As the trial date nears in the high-stakes battle between Uber Technologies Inc. and Google Inc. driverless car unit Waymo, the two giants are disputing whether Uber chief legal officer Salle Yooshould be made available.

Yoo, who recently announced she’s leaving Uber, has information that is “central” to Waymo’s case, according to court filings.

In a Sept. 21 filing, Waymo indicated it plans to call on Yoo to “provide non-cumulative testimony regarding the Uber-Otto acquisition” and to testify about everything from the ride-hailing company’s alleged misappropriation of trade secrets to the due diligence process ahead of the 2016 acquisition.

Also on Waymo’s witness list is Arturo González, one of Uber’s lead lawyers at Morrison & Foerster, and Uber deputy general counsel Angela Padilla, who along with testifying on a number of the same issues as Yoo, would also be asked to provide information on self-driving car engineer Anthony Levandowski’s employment at Uber and certain facts surrounding his termination.

Uber returned fire in a Sept. 24 motion, arguing that there is no need for either Yoo or González to testify. “To the contrary, there is ample good cause for the Court to prohibit Waymo from calling these individuals to testify at deposition or at trial.”

In insisting that the court should issue a protective order prohibiting Yoo’s deposition, Uber alleged that Waymo can’t identify why her testimony is crucial to case preparation; what testimony she would provide that “could not be obtained by questioning any of the five other attorneys it will be deposing”; or any nonprivileged facts that she could testify on. Corporate Counsel reached out to both Waymo and Uber seeking comment. Uber declined the request.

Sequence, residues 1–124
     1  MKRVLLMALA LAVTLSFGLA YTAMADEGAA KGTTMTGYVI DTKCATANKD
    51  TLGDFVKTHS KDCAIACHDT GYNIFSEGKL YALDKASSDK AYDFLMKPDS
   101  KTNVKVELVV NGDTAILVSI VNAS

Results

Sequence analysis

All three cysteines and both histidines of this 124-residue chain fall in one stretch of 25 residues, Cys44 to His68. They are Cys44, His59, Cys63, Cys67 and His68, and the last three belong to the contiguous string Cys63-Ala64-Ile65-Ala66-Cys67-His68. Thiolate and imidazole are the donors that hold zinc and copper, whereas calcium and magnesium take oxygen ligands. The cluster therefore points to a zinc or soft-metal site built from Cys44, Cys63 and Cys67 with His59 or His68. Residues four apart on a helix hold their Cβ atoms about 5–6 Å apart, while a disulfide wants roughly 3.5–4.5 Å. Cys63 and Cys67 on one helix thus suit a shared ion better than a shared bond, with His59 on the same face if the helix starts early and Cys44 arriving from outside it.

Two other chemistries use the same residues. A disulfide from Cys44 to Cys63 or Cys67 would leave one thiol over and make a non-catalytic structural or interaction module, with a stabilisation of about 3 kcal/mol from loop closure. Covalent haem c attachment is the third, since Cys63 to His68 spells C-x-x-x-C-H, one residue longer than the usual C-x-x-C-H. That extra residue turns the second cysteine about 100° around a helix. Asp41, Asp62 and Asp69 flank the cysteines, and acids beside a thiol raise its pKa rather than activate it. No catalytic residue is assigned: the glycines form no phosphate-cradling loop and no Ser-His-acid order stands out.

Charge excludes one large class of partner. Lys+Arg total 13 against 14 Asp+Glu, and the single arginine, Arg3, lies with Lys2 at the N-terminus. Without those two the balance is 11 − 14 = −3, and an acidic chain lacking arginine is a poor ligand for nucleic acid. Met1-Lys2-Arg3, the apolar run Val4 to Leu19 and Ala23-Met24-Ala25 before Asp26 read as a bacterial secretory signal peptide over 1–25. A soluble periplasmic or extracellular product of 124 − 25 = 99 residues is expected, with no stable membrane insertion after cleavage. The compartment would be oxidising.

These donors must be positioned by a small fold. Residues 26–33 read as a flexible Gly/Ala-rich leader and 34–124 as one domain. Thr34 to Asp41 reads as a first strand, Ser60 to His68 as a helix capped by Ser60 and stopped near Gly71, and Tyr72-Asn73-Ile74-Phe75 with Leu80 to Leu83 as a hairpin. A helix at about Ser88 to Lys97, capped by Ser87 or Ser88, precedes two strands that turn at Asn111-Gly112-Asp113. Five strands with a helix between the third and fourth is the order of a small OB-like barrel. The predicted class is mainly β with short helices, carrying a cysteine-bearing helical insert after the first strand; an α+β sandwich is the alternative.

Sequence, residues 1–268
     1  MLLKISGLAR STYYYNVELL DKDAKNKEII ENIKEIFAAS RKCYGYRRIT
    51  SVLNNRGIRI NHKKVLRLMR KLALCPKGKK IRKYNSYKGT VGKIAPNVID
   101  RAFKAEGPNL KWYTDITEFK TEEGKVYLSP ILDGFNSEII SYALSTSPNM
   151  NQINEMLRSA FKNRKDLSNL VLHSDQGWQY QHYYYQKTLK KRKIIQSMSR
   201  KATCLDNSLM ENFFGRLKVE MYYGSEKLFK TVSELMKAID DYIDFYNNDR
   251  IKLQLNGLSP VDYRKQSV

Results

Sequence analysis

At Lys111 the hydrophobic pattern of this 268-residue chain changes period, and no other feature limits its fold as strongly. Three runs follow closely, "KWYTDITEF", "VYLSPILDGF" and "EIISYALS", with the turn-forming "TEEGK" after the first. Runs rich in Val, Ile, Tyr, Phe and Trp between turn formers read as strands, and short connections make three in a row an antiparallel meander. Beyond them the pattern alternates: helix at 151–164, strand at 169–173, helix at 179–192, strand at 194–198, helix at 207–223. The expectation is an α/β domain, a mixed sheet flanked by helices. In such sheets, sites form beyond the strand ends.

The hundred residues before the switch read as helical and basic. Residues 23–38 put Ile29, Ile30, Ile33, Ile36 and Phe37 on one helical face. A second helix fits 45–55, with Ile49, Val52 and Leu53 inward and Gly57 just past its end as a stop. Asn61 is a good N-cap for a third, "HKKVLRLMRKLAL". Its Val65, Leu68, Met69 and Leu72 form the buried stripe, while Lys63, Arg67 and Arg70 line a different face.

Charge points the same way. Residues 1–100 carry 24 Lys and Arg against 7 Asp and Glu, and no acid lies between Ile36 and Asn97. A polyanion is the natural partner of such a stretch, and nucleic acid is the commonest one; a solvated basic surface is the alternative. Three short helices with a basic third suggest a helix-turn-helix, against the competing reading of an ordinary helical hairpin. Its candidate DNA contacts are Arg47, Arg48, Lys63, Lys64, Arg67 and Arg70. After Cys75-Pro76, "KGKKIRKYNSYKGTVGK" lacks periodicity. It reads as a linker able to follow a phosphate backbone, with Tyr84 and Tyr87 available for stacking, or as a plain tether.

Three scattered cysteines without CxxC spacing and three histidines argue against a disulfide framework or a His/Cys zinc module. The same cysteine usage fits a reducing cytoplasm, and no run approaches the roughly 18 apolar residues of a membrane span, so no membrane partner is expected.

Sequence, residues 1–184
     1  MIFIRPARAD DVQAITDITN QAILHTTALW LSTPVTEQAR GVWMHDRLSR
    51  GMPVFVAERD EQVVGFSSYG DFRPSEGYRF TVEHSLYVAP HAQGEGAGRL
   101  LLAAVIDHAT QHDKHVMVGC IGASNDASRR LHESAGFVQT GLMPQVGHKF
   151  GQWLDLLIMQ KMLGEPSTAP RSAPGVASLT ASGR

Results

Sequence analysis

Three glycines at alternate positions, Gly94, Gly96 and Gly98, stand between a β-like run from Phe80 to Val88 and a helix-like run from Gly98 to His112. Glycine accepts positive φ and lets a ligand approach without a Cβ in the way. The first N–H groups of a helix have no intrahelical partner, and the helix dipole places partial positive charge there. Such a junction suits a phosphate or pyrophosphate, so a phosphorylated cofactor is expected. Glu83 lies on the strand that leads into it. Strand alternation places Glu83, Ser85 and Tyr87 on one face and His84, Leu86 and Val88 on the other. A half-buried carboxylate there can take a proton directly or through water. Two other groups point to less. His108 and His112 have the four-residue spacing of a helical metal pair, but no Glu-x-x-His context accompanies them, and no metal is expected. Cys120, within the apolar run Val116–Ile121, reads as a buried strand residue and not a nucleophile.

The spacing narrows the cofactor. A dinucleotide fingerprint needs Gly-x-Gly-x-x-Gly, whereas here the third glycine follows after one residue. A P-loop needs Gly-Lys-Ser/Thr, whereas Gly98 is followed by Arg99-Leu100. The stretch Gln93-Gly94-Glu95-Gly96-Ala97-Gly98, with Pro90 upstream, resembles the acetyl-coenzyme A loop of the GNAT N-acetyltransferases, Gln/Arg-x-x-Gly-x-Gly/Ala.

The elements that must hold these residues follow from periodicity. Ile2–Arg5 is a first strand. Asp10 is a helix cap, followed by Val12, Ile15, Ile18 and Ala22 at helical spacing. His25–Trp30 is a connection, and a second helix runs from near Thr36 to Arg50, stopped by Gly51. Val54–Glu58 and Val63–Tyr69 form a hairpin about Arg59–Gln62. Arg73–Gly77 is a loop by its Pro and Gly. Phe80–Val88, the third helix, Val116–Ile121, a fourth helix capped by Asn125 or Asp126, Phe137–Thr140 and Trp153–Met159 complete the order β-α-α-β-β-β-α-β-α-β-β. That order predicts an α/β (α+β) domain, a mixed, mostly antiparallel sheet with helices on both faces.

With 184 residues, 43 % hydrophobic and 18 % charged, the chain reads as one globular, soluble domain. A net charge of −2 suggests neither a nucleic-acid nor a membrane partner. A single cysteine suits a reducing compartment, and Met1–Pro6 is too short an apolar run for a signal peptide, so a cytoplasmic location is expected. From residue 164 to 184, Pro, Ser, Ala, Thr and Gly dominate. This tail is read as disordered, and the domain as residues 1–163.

From there, through a number of subsequent filings, both Waymo and Uber have continued to make their respective cases.

Waymo, in explaining why Yoo should be made available for deposition and to testify at trial, argued in a Sept. 25 filing that documents only recently given to Waymo show that Yoo was heavily involved in the due diligence process. The resulting report from this process, Waymo has claimed, may prove Uber knowingly acquired stolen intellectual property. The filing also notes that Yoo participated in discussions around the deal with Otto and that she was in possession of the diligence questionnaire. The Google subsidiary also insists two other in-house attorneys, Andrew Glickman and Christian Lymn, should be made available for deposition. These two, the filing said, were involved in “literally hundreds of emails … on highly relevant issues[.]” Because the court document is redacted, it’s impossible to determine the exact nature of these emails, but it appears they had to do with certain negotiations and reports on Levandowski.

To address Uber’s arguments on why Yoo should not be deposed, Waymo countered that Yoo “possesses information central to Waymo’s case—among other things, her top-down view of the diligence conducted by [forensics firm Stroz Friedberg] and the impact on Uber’s decision-making process is vital to evaluating the adequacy of that diligence.” What’s more, Yoo’s status as an attorney “is irrelevant,” according to Waymo, “given that in this case, lawyers are fact witnesses with knowledge of the Uber-Otto acquisition and the diligence process.”

The back-and-forth carried on with a Sept. 26 filing in which Uber continued to assert that there is no basis for seeking to depose Yoo and added that Waymo has similarly failed to make the required showing to allow for depositions of Glickman and Lymn.

Interestingly, it seems as though depositions of others in Uber’s legal department, such as Padilla and legal director Justin Suhr, will go forward as planned, as Uber has not filed objections.